Academic journal article Contemporary Readings in Law and Social Justice

Land Use Regulation, Disability, and Aging in Place

Academic journal article Contemporary Readings in Law and Social Justice

Land Use Regulation, Disability, and Aging in Place

Article excerpt

1. Introduction. Inclusion by Design: Thinking beyond a Civil Rights Paradigm

1.1 Pauli: Age 28

Pauli was a passenger in an automobile being driven by his mother when they were hit by a drunk driver.2 The accident left Pauli unable to walk, paralyzed from the waist down. That was 11 years ago. Today, at age 28, Pauli has just been promoted to junior partner of a local management-consulting firm.

While he finishes his work for the day, Pauli looks forward to attending a celebratory party for all the newly promoted people in the firm. The party is being held later this night at the home of the firm's senior partner. Pauli organizes his desk, makes a call to request a wheelchair-accessible bus, freshens up in the men's room, and then rolls himself down the hallway to the elevator. He makes his way out the front door of his building and rolls his wheelchair down the sidewalk to the curb cut, where he crosses the street to wait for the wheelchair-accessible bus that will take him to his home. Two regular city buses that cover his route come and go while Pauli waits the 40 minutes that will be required on this day for the accessible bus to arrive with one other passenger already on it. As Pauli waits for his bus, he thinks about the way his life has changed since that accident 11 years ago. In his wheelchair, life is so much different from the time when he played football, ran track, and danced with his high school sweetheart at the junior prom. Although those memories are cherished, he has since adjusted to a new life and reflects positively on the many changes that have recently improved his quality oflife, such as curb cuts, accessible buses, roll-in entrances to buildings, bathrooms with lower sinksand light switches, and new building designs with doorwaysand facilities that provide adequate space for moving and manipulating his wheelchair.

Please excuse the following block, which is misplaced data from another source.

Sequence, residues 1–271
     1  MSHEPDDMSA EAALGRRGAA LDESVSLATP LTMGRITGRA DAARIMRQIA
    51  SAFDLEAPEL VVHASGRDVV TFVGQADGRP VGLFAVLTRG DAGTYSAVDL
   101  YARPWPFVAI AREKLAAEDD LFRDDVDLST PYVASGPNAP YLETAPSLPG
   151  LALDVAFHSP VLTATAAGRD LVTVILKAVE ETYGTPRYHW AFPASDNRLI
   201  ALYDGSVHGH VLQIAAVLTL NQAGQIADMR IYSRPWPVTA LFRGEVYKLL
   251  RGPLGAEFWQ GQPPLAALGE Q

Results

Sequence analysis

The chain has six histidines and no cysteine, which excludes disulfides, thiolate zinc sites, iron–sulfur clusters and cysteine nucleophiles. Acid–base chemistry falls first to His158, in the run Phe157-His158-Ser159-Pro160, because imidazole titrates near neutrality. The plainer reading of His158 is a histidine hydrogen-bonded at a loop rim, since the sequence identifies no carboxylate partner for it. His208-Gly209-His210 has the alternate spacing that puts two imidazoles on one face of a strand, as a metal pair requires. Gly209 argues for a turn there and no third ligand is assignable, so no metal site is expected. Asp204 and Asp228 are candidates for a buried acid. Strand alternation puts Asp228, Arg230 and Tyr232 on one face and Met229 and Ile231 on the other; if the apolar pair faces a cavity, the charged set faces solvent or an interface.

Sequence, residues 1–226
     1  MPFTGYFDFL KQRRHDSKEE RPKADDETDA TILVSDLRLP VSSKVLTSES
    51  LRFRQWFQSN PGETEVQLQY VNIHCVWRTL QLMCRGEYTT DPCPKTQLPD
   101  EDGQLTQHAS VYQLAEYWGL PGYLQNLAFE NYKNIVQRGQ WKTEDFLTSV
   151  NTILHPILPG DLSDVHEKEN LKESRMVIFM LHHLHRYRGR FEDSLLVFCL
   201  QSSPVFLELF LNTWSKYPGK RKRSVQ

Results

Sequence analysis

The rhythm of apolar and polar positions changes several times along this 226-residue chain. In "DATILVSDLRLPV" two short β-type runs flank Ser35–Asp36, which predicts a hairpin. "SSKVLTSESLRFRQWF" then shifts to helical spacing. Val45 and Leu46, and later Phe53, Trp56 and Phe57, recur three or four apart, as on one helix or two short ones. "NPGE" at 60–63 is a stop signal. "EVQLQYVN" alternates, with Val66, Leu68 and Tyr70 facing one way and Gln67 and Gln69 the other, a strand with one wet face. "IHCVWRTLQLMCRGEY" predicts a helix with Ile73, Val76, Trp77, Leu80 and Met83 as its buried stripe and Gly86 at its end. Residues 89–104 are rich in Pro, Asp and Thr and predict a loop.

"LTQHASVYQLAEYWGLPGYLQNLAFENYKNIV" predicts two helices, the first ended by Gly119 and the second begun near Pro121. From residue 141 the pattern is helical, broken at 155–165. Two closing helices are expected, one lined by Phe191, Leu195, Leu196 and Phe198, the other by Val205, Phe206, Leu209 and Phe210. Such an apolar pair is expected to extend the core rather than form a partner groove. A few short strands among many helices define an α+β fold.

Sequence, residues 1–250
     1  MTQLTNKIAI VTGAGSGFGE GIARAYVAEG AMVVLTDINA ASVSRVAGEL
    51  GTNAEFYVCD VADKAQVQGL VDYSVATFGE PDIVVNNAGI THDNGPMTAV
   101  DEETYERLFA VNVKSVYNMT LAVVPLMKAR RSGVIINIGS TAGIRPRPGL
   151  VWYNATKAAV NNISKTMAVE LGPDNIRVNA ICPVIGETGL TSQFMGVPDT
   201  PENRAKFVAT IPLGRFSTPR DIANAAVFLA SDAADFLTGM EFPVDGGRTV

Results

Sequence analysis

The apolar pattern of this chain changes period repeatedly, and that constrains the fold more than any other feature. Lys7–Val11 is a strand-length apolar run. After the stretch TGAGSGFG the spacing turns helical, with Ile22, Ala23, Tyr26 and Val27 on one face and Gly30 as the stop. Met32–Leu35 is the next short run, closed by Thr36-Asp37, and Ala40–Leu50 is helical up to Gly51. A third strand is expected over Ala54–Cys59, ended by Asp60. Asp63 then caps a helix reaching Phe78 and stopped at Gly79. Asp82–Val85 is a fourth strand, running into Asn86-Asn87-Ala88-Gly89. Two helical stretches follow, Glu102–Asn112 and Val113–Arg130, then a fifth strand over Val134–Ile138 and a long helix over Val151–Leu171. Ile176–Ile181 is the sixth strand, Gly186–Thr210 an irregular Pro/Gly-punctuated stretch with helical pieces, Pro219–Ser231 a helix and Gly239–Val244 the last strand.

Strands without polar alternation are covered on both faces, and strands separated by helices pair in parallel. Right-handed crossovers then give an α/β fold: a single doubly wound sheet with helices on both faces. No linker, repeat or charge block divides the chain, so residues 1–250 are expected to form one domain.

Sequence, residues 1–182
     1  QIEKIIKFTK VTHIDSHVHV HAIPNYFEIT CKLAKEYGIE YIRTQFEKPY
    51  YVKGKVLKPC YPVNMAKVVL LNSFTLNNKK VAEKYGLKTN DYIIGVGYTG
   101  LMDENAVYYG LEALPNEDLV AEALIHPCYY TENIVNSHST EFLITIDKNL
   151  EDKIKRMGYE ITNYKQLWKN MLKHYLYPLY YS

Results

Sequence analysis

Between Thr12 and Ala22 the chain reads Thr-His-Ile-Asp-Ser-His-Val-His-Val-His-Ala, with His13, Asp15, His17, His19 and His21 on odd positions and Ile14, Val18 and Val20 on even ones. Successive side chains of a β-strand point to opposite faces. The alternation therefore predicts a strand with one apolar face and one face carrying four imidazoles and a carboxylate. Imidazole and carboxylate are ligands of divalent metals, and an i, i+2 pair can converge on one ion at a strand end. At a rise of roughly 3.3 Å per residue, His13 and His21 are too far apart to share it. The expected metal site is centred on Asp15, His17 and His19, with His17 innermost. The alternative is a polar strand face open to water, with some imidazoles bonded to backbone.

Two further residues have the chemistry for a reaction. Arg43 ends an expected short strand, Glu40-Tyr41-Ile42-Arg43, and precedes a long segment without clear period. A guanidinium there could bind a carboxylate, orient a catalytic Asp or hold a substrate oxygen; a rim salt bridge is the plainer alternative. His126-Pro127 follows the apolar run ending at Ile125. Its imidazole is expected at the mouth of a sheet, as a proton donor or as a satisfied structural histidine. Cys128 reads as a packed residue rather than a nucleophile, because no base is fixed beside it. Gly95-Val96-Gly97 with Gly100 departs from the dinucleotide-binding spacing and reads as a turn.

He knows that such changes have come slowly and that there is a need for additional design changes, but he also appreciates the increasing community awareness of the need for greater accessibility. While acknowledging that much work needs to be done, Pauli feels lucky because his office is in a new building with many inclusive design features, which was not the case in his prior job location, nor is it the case in many of the office buildings downtown, some of which were built 40 or more years ago and have done a poor job of updating. Pauli also feels fortunate because the city, after threats of litigation, recently purchased two new wheelchair-accessible buses, and he now enjoys being able to take advantage of one of the few bus routes served by such a bus, even if service is often slower than that provided by the regular city bus service. The city still has not looked at demographic trends and the need for future bus routes, but at least Pauli can see improvements in transportation and building designs that are beneficial to many people with low functional mobility, not just people in wheelchairs. Within a few minutes, the bus arrives, and Pauli, aware of all the hard work that has gone into becoming a junior partner, rolls onto the bus and is headed home.

After arriving at home, Pauli changes for the party and, together with his wife, drives to the home of the senior partner. The senior partner lives in a newly developed suburban neighborhood to which Pauli has never been before. By the time they locate the partner's home, there are already a number of cars parked along the street. From their car, they can hear the music of laughter and joyful conversation spilling out into the neighborhood. They park the car and head toward the front of the house. There are no sidewalks in the neighborhood, and Pauli's wheelchair does not work well in the soft grass, so they make their way down the center of the street and past the wall of parked cars. Pauli's sense of excitement dissipates, and his gut wrenches as he looks out at a tiered three-level stone sidewalk terracing up the front lawn to a porch with a two-step entry to a relatively narrow front door. …

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